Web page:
All this gives the recruiter all the confidence s(he) needs to hire you and feel good about it.
How to describe the duties of an Engineer in Training in a resume
Your duties as an EIT depend on the field, industries, and the company you’re working for.
So, you need to tailor them to match the new job you want to get.
Here are some examples of responsibilities that EITs handle in general:
- Collaborated with the engineering staff on maintaining and modifying equipment
- Presented prototypes and test procedures to managers and clients
- Applied standard practices to test and evaluate products before launch
- Reported project updates to managers and senior engineers weekly
- Analyzed and interpreted test results and provided technical advice
Do You Need an Education Section as an Engineer in Training?
Having an education section is more than essential for an Engineer in training resume.
You can’t get hired unless the recruiter knows your educational background.
And it has to meet some standards if you want to get accepted.
There are two requirements that most companies hiring EITs will ask for:
- At least three years of education at an ABET-accredited engineering program
- Passing the six-hours FE (Fundamentals of Engineering) examination
Lots of companies will ask for a Bachelor’s degree in Engineering or Engineering Technology.
So, it would be useful to mention that in your resume.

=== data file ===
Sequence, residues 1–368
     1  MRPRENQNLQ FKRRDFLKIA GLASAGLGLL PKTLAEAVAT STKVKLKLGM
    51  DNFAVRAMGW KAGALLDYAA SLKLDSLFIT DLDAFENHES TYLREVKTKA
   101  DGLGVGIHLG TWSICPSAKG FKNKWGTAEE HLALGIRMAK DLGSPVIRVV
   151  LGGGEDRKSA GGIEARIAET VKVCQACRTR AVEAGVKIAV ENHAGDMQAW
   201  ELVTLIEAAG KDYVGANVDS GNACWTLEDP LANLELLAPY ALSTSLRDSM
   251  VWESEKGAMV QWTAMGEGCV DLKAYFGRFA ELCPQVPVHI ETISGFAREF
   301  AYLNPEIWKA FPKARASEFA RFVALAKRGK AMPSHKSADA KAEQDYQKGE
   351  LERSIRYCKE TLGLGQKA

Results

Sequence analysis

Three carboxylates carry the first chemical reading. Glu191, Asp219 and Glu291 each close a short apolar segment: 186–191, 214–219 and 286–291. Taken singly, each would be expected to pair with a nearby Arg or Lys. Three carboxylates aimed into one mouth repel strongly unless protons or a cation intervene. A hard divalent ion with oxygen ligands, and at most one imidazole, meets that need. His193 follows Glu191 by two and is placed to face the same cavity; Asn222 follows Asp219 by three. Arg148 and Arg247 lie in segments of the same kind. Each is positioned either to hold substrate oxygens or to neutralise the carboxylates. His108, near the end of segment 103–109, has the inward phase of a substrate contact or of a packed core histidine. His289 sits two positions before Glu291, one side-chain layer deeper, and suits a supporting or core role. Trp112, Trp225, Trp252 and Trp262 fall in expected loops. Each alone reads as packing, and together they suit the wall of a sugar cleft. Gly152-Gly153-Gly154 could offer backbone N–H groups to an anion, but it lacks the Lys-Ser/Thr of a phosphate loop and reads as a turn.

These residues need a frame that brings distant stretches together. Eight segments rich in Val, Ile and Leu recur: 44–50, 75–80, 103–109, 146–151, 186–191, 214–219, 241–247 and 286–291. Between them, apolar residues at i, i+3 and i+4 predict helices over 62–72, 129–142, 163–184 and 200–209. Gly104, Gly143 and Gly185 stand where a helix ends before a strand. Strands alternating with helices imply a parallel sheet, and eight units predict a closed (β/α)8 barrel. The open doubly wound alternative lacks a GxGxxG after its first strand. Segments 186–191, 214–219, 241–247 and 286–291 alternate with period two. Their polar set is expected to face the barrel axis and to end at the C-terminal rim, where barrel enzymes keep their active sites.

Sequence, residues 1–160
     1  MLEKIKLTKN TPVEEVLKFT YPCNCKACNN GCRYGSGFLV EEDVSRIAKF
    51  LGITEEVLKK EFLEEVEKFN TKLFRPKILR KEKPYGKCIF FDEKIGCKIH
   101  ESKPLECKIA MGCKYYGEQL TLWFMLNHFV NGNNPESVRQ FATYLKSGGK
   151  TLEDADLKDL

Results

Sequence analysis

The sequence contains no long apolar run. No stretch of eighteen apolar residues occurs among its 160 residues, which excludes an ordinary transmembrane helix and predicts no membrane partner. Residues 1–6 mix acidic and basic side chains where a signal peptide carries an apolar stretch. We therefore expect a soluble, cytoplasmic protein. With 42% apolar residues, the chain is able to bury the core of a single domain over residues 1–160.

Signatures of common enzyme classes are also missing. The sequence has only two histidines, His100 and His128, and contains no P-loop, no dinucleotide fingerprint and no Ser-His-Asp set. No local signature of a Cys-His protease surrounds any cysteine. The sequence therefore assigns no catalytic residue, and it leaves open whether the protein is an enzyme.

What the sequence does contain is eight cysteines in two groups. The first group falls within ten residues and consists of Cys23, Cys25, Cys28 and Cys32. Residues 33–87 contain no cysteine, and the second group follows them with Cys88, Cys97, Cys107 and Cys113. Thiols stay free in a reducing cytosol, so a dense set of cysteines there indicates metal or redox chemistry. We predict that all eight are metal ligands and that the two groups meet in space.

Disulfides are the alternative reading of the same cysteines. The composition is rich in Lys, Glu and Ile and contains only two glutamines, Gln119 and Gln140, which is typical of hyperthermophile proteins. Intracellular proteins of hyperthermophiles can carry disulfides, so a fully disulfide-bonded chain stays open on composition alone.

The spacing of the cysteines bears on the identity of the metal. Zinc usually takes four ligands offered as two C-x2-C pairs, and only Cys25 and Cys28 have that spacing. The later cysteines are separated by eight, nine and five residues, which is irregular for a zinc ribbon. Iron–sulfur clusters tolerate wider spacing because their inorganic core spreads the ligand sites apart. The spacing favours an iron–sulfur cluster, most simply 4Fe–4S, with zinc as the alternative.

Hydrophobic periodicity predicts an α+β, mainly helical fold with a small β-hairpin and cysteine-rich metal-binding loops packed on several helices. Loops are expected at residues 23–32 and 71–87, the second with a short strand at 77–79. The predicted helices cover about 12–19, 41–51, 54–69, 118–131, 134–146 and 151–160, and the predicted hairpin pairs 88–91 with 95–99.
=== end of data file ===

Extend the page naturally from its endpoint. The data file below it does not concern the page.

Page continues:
21 Skills to Feature in Your Engineer in Training Resume Being a successful engineer in training is all about being able to perform a wide variety of tasks effectively.
However, that doesn’t mean you should list the strongest skills randomly just to show off.
There are three types of skills that hiring managers often look for in an EIT’s resume.
- Computer skills
- Core skills
- Soft skills
And you need to list different skills from these three categories to make a powerful resume.
Skills change depending on your college education, industry, and what the company is looking for.
For instance, you can feature your essential computer skills such as using AutoCAD, MATLAB, Vulcan, etc.
Core skills include job working experience that's required from engineers across different industries.
Do you have any creative art talents?
Are you able to design or draw products in real life?
Can you manage small teams or projects on your own?
Those are all vital skills that every engineer needs to do his/her job.
Most importantly, you need to have soft skills that’ll allow you to be successful.
Being a good public speaker and communicator are good examples to start with.
The Best Certifications to Include in an Engineer in Training Resume
You may have struggled when trying to fill other sections due to lack of experience.
That's a problem all EITs deal with when writing their resumes.
But the bigger problem is not getting hired because the recruiter thinks your a rookie.
How do you overcome that?
List your certificates.
Getting certifications from industry-leading programs will change the way recruiters look at your resume.
Sure, you don’t have senior-level experience as an Engineer.
But that doesn’t mean you won’t thrive in the new job.
What are the tricks for the best Engineer in Training resume?
- The job description contains the answer to getting hired. Read it carefully before you start making your resume
- Writing an attention-grabbing summary will hammer your resume into the recruiter’s head. Try to improve your resume summary whenever you can
- Featuring the right skills in your engineer in training resume will make up for your lack of experience. List your best and most relevant core, soft, and computer skills
- Certifications serve as recommendations from leading engineering programs. Highlight them in your resume and work on getting some if you don’t have any certificates to list